A German comedian has been banned from repeating parts of a controversial poem he wrote about the Turkish President.
Jan Böhmermann’s poem about Recep Tayyip Erdogan has already threatened a diplomatic row between Ankara and Berlin and resulted in calls for him to be prosecuted.
On Tuesday, the Hamburg state court granted Mr Erdogan an injunction allowing excerpts of the satirical poem not to be repeated.
Judges ruled that the Turkish President “does not have to accept” Mr Böhmermann reading out his work due to its “abusive and libellous content” – particularly parts making sexual references.
The court found it crossed the line between satirical criticism and pure abuse, but that six lines, including those on freedom of speech, were within the bounds of what is legally admissible.
“Through the poem's reference to racial prejudice and religious slander as well as sexual habits, the verses in question go beyond what the petitioner can be expected to tolerate,” the ruling said, although the decision can be appealed.
Mr Böhmermann's lawyer, Christian Schertz, said the ruling went against ”artistic freedom“ and was wrong to split what it acknowledged as a satirical work into parts.
The comedian responded by sharing a link to the Beastie Boys song ”(You Gotta) Fight for Your Right (To Party)“ on Twitter, with heart, raised fist and winking face emojis.
His poem was originally aired on the Neo Magazin Royale programme on 31 March as a response to another satirical German song (“Erdowie, Erdowo, Erdogan”) that provoked outrage in Ankara earlier in the month.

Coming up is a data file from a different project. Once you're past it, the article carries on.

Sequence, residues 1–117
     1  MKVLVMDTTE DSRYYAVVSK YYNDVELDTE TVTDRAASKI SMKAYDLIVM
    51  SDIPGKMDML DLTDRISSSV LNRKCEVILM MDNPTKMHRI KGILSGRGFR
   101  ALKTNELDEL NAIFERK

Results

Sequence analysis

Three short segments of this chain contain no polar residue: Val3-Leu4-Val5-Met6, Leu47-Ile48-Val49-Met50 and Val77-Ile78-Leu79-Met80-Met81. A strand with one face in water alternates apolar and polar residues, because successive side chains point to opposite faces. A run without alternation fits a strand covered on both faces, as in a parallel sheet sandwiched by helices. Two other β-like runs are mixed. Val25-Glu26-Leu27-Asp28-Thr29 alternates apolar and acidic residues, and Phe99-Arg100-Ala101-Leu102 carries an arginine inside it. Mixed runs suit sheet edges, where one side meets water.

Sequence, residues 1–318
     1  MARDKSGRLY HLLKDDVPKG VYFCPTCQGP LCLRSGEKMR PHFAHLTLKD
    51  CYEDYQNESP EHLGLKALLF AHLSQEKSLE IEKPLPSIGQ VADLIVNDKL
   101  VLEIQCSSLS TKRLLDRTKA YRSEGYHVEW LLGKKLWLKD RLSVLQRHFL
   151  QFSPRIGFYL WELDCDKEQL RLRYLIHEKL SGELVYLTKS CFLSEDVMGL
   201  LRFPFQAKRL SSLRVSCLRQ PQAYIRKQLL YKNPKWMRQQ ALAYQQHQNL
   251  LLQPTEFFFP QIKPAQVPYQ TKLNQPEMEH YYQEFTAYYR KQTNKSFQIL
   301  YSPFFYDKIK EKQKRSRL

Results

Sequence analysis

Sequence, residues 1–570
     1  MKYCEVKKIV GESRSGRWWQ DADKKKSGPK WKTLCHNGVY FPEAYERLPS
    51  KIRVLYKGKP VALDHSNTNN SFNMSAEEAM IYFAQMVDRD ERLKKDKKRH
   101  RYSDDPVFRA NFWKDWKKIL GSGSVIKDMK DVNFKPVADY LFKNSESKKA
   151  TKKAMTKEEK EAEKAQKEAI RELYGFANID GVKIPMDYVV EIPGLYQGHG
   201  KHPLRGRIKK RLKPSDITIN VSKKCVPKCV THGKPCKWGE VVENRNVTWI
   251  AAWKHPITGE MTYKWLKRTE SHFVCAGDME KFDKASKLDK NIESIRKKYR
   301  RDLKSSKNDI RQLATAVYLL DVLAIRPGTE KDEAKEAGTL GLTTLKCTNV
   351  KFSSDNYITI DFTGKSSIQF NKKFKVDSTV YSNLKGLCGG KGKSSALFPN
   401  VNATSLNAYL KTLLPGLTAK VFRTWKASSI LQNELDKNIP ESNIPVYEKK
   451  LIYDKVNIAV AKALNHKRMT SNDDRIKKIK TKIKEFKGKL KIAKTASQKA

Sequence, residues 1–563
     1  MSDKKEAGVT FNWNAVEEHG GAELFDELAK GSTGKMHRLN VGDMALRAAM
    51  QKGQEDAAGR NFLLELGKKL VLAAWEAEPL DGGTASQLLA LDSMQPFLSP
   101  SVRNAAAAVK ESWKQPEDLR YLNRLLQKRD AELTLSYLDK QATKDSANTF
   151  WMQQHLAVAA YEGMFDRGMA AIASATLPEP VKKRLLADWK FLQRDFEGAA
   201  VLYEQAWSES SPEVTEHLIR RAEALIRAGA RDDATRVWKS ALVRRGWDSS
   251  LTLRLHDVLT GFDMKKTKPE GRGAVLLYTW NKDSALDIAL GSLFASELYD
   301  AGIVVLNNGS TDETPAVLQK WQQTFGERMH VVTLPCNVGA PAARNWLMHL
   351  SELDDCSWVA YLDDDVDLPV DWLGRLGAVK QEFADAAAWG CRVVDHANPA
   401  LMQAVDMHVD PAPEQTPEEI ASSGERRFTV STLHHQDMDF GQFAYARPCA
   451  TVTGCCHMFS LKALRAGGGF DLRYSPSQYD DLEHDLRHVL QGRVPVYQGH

Introducing it on television, Mr Böhmermann said he was conducting an experiment to illustrate the boundary between legitimate criticism and illegal abusive criticism (Schmähkritik) under German law.
The poem has since been read out in full by a German MP, during a parliamentary debate over 103 of the criminal code, which bans insulting the representatives of international governments.
Chancellor Angela Merkel was heavily criticised last month for granting a request from Turkey for Mr Böhmermann to be investigated over the poem.
His work has previously featured Yanis Varoufakis, the former Greek finance minister, the anti-immigration Alternative für Deutschland party and pro-refugee activists.
Prosecutors haven't yet decided whether to file charges under a little-used German law forbidding insult to foreign heads of state, which could be scrapped by 2018.
The case has caused outcry from groups advocating freedom of speech, who are calling for the law to be scrapped.
Hugh Williamson, Human Rights Watch’s Europe director, said: “The poem is certainly highly offensive, but it is in situations such as this when we need to stand up for protection of free speech.
“Germany bears responsibility for having such a bad law on the books and the sooner it is repealed, the better.”
The scandal came shortly after the EU made a controversial deal with Turkey aiming to slow the flow of refugees across the Aegean Sea to Greece.
Mr Erdogan is known for his sensitivity to criticism, with prosecutors opening more than 1,800 cases against people for alleged insults since he took office in 2014.
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